The first guy in line for the Times Colonist Book Sale arrived before midnight.
Sascha Martens hunkered down in front of the Victoria Curling Club with — what else? — a good book more than nine hours before the doors opened. Wife Emi arrived with sleeping bags and lawn chairs a couple of hours later.
Next in the queue was a family of four who set up their hammocks on the sidewalk at 12:30 a.m. “We’ve been getting here earlier and earlier each year,” said Mom. It’s the girls, ages 9 and 12, who urged them to do it. The older one gets more excited about the sale than she does about Christmas.
Yes, well, this weekend really is Christmas for Victoria book lovers, who were lined up around the block by the time the doors swung open for the TC’s 20th anniversary charity sale.
They packed the curling rink all day long, searching for buried treasure. One of the great things about the annual event is the serendipity that somehow matches just the right reader with obscure titles, that needle-in-a-haystack among the hundreds of thousands of books.
Karin Chiu was almost dancing after finding Natascha, a long-sought-after German-language book by Theodor Kröger. “I was absolutely delighted to find this book. It’s like a gift from heaven. Now I can finally finish the story.”
Similar exclamations could be heard throughout the day. Somebody found a signed copy of Joseph Boyden’s Three Day Road. Someone else picked up a Frank Mahovlich biography that was signed not only by the author, Frank’s son Ted, but by the Big M, too. A woman clutched a 1914 edition of Jane Eyre as closely as Mr. Rochester held Jane.
Then there were the discoveries made inside the books themselves: Four old $1 bills and a $2 bill slipped out of an Anne of Green Gables. (When asked what the banknotes were, several 20-something shoppers at the sale had no idea. Remember that Canada stopped printing dollar bills in 1987 and $2 notes in 1996.)
Others were just happy to pick up nearly new bestsellers. While used, the books that made it to the tables after being donated by TC readers really are in good shape (with the possible exception of those in the Western section, some of which appeared to have been rode hard and put away wet; fans of Louis L’Amour and Zane Grey appear to be full-contact readers, breaking more spines than a rodeo bull).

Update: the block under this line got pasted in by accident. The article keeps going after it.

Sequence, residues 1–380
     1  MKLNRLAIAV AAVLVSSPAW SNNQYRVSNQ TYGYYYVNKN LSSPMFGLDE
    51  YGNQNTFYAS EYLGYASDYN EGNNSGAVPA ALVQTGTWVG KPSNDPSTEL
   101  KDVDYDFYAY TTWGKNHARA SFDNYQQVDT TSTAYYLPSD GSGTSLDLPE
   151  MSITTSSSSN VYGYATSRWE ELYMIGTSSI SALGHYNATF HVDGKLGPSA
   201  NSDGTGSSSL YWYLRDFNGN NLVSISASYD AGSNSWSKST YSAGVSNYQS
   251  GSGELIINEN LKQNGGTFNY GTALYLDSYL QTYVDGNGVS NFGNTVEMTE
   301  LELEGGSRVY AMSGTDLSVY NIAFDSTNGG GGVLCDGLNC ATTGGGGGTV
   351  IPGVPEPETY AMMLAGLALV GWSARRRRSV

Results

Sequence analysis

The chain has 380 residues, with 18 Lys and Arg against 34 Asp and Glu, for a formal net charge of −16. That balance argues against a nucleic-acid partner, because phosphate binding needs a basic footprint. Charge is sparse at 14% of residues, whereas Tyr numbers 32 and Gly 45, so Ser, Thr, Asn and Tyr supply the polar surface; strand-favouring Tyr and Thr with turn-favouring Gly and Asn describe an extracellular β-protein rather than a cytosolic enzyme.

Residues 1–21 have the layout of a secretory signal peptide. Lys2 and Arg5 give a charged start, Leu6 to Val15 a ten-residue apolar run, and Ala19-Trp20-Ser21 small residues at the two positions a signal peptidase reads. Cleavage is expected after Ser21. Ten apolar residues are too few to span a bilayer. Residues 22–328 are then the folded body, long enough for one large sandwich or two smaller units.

What’s the attraction? The price, for one thing. All books cost between $1 and $3.
Then there’s the cause. All the money raised goes to literacy projects on Vancouver Island — a total of $5 million since the first sale in 1998.
As is the case every year, not enough can be said about the volunteers who make the whole thing run. The name might say Times Colonist, but the key to this sale is its 300 or so volunteers, most of whom have no connection to the newspaper, apart from being readers.
Leading them is Mark Taylor, picking up the torch from his dad, Bob, who has been in on every sale since the beginning. “We have been blessed to have both Bob and now Mark as our volunteer co-ordinators,” said the Times Colonist’s Bruce Cousins, who has done much of the TC’s share of the heavy lifting. “They’re such good people.”
The sale resumes at 9 a.m. today and ends at 5 p.m. History shows there usually isn’t much of a lineup to get in on Sunday, though plenty of good books remain.
What else do you need to know? Payment is by cash, debit, MasterCard, Visa or American Express, but no cheques. If you get hungry, the Good Fellows café inside the curling club will be open.
Pay parking is available in the lot that serves the curling club — it’s at 1952 Quadra St. — and Save-on-Foods Memorial Centre. There is also free parking along Quadra, but be aware that parking on some of the nearby side streets is for residents only. You can also take the No. 6 bus, which goes along Quadra Street.
Teachers and representatives of non-profits can take away as many leftover books as they want, for free, from 8 a.m. to 4:30 p.m. on Monday.